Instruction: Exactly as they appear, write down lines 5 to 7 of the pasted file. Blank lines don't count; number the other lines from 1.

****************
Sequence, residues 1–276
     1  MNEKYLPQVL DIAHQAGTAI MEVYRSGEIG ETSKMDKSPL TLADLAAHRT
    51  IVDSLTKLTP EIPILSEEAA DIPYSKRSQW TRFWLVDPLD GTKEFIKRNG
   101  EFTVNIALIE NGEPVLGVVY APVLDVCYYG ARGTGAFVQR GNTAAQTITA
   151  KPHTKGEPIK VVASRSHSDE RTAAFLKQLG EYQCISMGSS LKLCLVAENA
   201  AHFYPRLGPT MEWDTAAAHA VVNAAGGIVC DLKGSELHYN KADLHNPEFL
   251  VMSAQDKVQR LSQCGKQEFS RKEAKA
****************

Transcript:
   151  KPHTKGEPIK VVASRSHSDE RTAAFLKQLG EYQCISMGSS LKLCLVAENA
   201  AHFYPRLGPT MEWDTAAAHA VVNAAGGIVC DLKGSELHYN KADLHNPEFL
   251  VMSAQDKVQR LSQCGKQEFS RKEAKA